“Bill & Ted’s Excellent Adventure” was a different kind of teen movie than the ones we were getting in the late ’80s. As Alex Winter said of the audition:
“What struck me at the time was the language; it was very distinct for what was presented as a teen comedy. It wasn’t like other teen comedies — god knows you’d audition for a tonne of those. If it wasn’t a John Hughes movie it was a knock-off John Hughes movie and the language was always the same: teens acting like 40-year-olds in therapy. [Bill and Ted] were very childlike and spoke in this ornate way. That stood out. It was more fun.”
No ragging on John Hughes movies from me (outside of the fact that they’re dated), but this was definitely different than what we were seeing at the time. Hughes took teens seriously and gave them a real voice for the first time, but “Bill & Ted’s Excellent Adventure” let them just be goofy kids. It was the other side of the coin. Winter said the audition was an “exhaustive process” and that he and Keanu Reeves became fast friends with so much in common. “We could have been friends whether we got the part or not.” Stephen Herek echoed that, saying that the guys would have lunch together and generally hang out, and “that’s how I wanted to portray [Bill and Ted] on screen. That clinched it for me.”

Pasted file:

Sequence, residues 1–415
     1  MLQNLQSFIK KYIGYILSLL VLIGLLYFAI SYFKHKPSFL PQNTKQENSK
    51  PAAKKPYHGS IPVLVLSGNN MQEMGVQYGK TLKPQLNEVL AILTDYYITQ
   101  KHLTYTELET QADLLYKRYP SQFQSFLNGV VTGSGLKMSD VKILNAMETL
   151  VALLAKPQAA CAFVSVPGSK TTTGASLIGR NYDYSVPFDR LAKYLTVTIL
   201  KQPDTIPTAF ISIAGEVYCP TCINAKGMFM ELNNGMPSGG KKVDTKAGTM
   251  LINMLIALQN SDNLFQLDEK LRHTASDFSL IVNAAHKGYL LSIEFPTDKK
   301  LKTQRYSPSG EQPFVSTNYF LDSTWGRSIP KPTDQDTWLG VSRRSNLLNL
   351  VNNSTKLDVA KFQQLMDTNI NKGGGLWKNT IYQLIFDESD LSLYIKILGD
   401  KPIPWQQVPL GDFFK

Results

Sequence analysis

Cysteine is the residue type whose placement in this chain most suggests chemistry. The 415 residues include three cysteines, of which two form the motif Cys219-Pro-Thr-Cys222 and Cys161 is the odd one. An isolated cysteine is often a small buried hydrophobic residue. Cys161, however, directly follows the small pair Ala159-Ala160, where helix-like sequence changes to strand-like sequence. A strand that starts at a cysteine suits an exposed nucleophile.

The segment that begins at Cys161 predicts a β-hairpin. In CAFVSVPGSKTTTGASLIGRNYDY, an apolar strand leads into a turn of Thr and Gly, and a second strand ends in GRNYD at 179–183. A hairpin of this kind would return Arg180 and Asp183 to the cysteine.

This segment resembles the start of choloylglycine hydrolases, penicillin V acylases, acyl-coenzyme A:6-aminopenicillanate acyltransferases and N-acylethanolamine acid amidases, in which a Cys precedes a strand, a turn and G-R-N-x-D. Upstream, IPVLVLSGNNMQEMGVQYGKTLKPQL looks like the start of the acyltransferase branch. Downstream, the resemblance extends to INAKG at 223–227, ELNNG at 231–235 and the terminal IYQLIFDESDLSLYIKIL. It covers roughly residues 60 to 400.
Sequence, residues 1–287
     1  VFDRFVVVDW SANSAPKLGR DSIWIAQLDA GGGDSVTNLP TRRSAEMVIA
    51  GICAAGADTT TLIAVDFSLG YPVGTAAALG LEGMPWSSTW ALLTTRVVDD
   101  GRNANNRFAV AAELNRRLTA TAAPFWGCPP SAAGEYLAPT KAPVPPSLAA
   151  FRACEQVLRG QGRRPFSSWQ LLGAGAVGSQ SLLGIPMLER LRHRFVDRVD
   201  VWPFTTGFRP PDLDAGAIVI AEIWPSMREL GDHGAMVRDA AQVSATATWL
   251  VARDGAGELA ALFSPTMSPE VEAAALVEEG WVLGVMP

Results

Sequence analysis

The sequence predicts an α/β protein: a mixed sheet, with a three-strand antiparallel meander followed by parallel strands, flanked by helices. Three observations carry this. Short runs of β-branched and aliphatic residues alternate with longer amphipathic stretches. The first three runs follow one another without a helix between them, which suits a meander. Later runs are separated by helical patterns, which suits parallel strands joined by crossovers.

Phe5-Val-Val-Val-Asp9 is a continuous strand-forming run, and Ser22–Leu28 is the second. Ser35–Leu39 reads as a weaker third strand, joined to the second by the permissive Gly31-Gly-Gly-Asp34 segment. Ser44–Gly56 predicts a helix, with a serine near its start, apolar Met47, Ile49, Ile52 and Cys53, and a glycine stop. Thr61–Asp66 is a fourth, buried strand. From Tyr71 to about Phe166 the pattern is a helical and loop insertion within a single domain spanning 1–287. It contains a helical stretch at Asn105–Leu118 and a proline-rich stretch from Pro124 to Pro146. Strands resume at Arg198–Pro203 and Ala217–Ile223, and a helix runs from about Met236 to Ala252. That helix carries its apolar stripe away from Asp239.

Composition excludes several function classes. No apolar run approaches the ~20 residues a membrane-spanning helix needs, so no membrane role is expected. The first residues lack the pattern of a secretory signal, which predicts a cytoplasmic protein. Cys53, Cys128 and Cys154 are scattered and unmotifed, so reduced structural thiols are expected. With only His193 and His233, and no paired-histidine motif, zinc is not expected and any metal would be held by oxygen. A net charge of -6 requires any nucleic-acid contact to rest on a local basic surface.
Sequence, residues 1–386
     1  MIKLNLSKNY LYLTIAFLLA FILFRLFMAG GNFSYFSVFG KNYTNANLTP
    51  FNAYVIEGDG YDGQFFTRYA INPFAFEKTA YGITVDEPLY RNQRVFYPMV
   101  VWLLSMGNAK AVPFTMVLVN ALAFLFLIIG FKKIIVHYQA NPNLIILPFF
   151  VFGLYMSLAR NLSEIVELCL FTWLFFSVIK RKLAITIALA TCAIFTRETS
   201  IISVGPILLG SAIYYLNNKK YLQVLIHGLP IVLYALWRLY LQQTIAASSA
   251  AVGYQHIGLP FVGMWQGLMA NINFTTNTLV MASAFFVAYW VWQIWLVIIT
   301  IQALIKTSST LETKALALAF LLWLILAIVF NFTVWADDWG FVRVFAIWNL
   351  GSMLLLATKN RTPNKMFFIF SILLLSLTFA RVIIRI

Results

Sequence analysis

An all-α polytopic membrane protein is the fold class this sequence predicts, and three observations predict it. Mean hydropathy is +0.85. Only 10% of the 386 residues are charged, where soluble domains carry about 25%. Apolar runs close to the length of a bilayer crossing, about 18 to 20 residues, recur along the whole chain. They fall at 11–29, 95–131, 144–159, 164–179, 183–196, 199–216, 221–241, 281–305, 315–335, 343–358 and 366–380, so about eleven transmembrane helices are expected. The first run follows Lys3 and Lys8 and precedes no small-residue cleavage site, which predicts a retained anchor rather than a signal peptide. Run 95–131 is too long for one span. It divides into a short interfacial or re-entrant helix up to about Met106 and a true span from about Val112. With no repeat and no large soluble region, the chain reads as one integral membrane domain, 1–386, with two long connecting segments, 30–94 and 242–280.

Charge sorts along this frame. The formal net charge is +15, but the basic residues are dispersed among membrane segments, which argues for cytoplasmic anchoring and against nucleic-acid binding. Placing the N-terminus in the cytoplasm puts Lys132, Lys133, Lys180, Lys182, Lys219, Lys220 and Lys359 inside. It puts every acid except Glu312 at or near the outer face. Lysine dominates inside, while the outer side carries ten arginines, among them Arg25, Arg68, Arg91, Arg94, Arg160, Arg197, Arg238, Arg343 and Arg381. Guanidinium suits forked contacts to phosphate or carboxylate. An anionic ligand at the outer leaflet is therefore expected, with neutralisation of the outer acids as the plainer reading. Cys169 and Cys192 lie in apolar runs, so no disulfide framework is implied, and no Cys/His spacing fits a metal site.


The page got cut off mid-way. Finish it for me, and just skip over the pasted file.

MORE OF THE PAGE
The chemistry is palpable on screen, and Herek said that the casting depended on it.